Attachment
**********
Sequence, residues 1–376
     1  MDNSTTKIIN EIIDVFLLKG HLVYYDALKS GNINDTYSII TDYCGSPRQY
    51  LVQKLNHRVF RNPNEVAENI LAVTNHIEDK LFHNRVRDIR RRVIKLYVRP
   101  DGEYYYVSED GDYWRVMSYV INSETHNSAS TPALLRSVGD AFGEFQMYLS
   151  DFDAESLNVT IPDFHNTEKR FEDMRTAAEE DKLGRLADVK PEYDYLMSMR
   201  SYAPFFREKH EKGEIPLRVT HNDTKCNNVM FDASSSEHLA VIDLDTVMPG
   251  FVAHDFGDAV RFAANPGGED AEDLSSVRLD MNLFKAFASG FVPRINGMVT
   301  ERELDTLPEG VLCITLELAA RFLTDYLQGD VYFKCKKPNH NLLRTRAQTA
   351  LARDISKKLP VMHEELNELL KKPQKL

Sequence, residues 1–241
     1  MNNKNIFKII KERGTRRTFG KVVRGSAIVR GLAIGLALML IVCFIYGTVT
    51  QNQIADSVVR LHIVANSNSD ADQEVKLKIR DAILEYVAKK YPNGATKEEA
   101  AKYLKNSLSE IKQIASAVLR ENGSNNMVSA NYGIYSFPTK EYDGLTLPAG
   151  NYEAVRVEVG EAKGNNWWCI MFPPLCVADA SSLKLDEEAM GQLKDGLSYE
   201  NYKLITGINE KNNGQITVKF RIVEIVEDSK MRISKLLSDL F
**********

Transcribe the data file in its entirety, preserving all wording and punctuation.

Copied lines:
Sequence, residues 1–376
     1  MDNSTTKIIN EIIDVFLLKG HLVYYDALKS GNINDTYSII TDYCGSPRQY
    51  LVQKLNHRVF RNPNEVAENI LAVTNHIEDK LFHNRVRDIR RRVIKLYVRP
   101  DGEYYYVSED GDYWRVMSYV INSETHNSAS TPALLRSVGD AFGEFQMYLS
   151  DFDAESLNVT IPDFHNTEKR FEDMRTAAEE DKLGRLADVK PEYDYLMSMR
   201  SYAPFFREKH EKGEIPLRVT HNDTKCNNVM FDASSSEHLA VIDLDTVMPG
   251  FVAHDFGDAV RFAANPGGED AEDLSSVRLD MNLFKAFASG FVPRINGMVT
   301  ERELDTLPEG VLCITLELAA RFLTDYLQGD VYFKCKKPNH NLLRTRAQTA
   351  LARDISKKLP VMHEELNELL KKPQKL

Sequence, residues 1–241
     1  MNNKNIFKII KERGTRRTFG KVVRGSAIVR GLAIGLALML IVCFIYGTVT
    51  QNQIADSVVR LHIVANSNSD ADQEVKLKIR DAILEYVAKK YPNGATKEEA
   101  AKYLKNSLSE IKQIASAVLR ENGSNNMVSA NYGIYSFPTK EYDGLTLPAG
   151  NYEAVRVEVG EAKGNNWWCI MFPPLCVADA SSLKLDEEAM GQLKDGLSYE
   201  NYKLITGINE KNNGQITVKF RIVEIVEDSK MRISKLLSDL F